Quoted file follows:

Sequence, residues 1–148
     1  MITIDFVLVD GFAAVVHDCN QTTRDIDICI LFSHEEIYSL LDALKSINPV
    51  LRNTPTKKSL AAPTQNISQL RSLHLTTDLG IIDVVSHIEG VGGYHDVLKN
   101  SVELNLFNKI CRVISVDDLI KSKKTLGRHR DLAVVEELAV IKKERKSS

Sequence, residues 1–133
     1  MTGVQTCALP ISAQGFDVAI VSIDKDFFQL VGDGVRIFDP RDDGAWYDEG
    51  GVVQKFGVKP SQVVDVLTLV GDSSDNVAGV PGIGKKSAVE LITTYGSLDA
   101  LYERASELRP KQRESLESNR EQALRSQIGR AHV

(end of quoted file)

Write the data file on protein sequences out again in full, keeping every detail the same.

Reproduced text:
Sequence, residues 1–148
     1  MITIDFVLVD GFAAVVHDCN QTTRDIDICI LFSHEEIYSL LDALKSINPV
    51  LRNTPTKKSL AAPTQNISQL RSLHLTTDLG IIDVVSHIEG VGGYHDVLKN
   101  SVELNLFNKI CRVISVDDLI KSKKTLGRHR DLAVVEELAV IKKERKSS

Sequence, residues 1–133
     1  MTGVQTCALP ISAQGFDVAI VSIDKDFFQL VGDGVRIFDP RDDGAWYDEG
    51  GVVQKFGVKP SQVVDVLTLV GDSSDNVAGV PGIGKKSAVE LITTYGSLDA
   101  LYERASELRP KQRESLESNR EQALRSQIGR AHV